Is the staid and conservative world of faucets ripe for a revolution? Is the American public ready to change their dishwashing and tooth brushing habits? Probably not, but there are a couple of products that have the potential to offer water savings.
Hands Free Faucet Controllers
An easy way to reduce faucet use is to shut off the water while you are washing dishes or brushing your teeth. The problem is, it is difficult to shut off the faucet while your hands are full! There are two different products that offer a solution here.
Foot Pedal Faucet Controller
A foot pedal faucet controller is simply an on/off switch for your faucet located on the floor. These devices have been around for a number of years and are available from several major manufacturers. While these devices are most commonly used in large scale food service operations, there is no reason they could not be used successfully in the kitchen or bathroom. However, it may be difficult to install a foot pedal controller without disrupting cabinet and sink configurations. If you want one of these devices you may need to wait until your remodel and then work it in with the overall plan.
Hands Free “Leaning” Faucet Controller
A product that has considerably more potential in the residential market is the leaning style of hands free faucet controller, as shown in Figure 1. The black bar underneath the sink counter in Figure 1 is the on/off control for the faucet. The temperature and flow rate of the faucet are still adjusted with the handle, but depressing the bar by leaning against it starts the flow of water. When you move away, a spring pushes the bar out and stops the water flow. The bar also has a locking feature that enables the user to keep the faucet flowing.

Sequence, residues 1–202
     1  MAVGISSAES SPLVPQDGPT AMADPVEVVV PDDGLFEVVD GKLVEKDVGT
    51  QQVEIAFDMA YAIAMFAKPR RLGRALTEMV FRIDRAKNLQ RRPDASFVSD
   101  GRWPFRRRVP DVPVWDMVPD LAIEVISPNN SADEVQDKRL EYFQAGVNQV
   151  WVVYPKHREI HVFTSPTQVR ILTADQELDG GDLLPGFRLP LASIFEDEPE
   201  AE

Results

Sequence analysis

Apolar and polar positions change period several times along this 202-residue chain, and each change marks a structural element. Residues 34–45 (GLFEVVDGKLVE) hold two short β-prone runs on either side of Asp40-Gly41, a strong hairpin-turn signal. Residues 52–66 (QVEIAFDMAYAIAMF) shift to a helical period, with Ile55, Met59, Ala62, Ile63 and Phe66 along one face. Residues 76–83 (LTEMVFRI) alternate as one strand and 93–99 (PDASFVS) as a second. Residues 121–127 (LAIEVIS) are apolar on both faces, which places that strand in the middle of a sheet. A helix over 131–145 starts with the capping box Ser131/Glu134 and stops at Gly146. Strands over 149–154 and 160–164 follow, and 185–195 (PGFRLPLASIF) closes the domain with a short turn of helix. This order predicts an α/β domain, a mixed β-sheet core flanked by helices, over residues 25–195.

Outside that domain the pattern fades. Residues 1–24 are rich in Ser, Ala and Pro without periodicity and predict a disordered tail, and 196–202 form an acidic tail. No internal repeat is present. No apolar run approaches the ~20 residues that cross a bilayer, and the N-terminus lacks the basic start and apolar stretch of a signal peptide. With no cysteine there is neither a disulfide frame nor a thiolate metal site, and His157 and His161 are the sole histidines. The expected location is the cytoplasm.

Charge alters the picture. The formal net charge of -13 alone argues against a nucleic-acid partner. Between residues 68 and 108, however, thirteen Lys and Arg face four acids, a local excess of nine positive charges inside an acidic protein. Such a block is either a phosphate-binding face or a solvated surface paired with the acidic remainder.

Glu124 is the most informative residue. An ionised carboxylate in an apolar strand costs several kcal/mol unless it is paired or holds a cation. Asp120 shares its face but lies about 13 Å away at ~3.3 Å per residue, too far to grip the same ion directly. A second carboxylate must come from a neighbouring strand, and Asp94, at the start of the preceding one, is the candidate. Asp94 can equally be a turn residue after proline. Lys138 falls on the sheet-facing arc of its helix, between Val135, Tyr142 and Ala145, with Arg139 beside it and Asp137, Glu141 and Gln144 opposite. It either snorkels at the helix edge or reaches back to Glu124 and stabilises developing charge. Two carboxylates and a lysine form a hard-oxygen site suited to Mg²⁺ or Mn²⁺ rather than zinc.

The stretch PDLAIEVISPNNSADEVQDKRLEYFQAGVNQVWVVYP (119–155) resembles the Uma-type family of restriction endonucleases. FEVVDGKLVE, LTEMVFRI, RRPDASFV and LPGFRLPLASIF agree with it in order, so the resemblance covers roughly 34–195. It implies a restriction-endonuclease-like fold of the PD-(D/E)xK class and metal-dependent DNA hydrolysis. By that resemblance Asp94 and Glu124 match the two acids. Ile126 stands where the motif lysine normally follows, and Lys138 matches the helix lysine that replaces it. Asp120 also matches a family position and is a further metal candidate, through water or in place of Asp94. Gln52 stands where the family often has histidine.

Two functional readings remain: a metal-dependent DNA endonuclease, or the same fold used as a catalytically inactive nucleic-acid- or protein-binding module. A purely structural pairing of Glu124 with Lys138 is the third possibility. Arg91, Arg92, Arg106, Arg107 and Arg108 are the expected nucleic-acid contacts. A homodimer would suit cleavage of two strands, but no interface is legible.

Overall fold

Figure 1: Hands free faucet controller bar
These devices are easy to install and only require that three holes be drilled in the counter below the sink. The leaning faucet controller is appropriate for kitchen or bathroom use and comes in a beige color as well.
Manufacturers are constantly researching new faucet and sink designs, products, and technologies.
Currently there are several research projects that are evaluating the effectiveness of low-flow faucet aerators and electronic faucets, as well as customer satisfaction with these products. Sponsored by the U.S. Environmental Protection Agency three water providers (Seattle Public Utilities, East Bay Municipal Water Utility District and City of Tampa Water Department), these studies measure water use in single family homes before and after the installation of high efficiency fixtures including faucet aerators, showerheads, toilets and clothes washers.
In the 2003 study conducted in Tampa, bathroom and kitchen aerators, as well as hands-free faucet fixtures such as electronic faucets were installed. This resulted in a decrease in faucet use of 3.2 gallons per capita per day, or 1,168 gallons per capita per year. While these savings are substantially less than those found for toilet and clothes washer retrofits, faucet retrofits represent a relatively inexpensive option for significant savings.
For information on faucet research you can visit the following web site: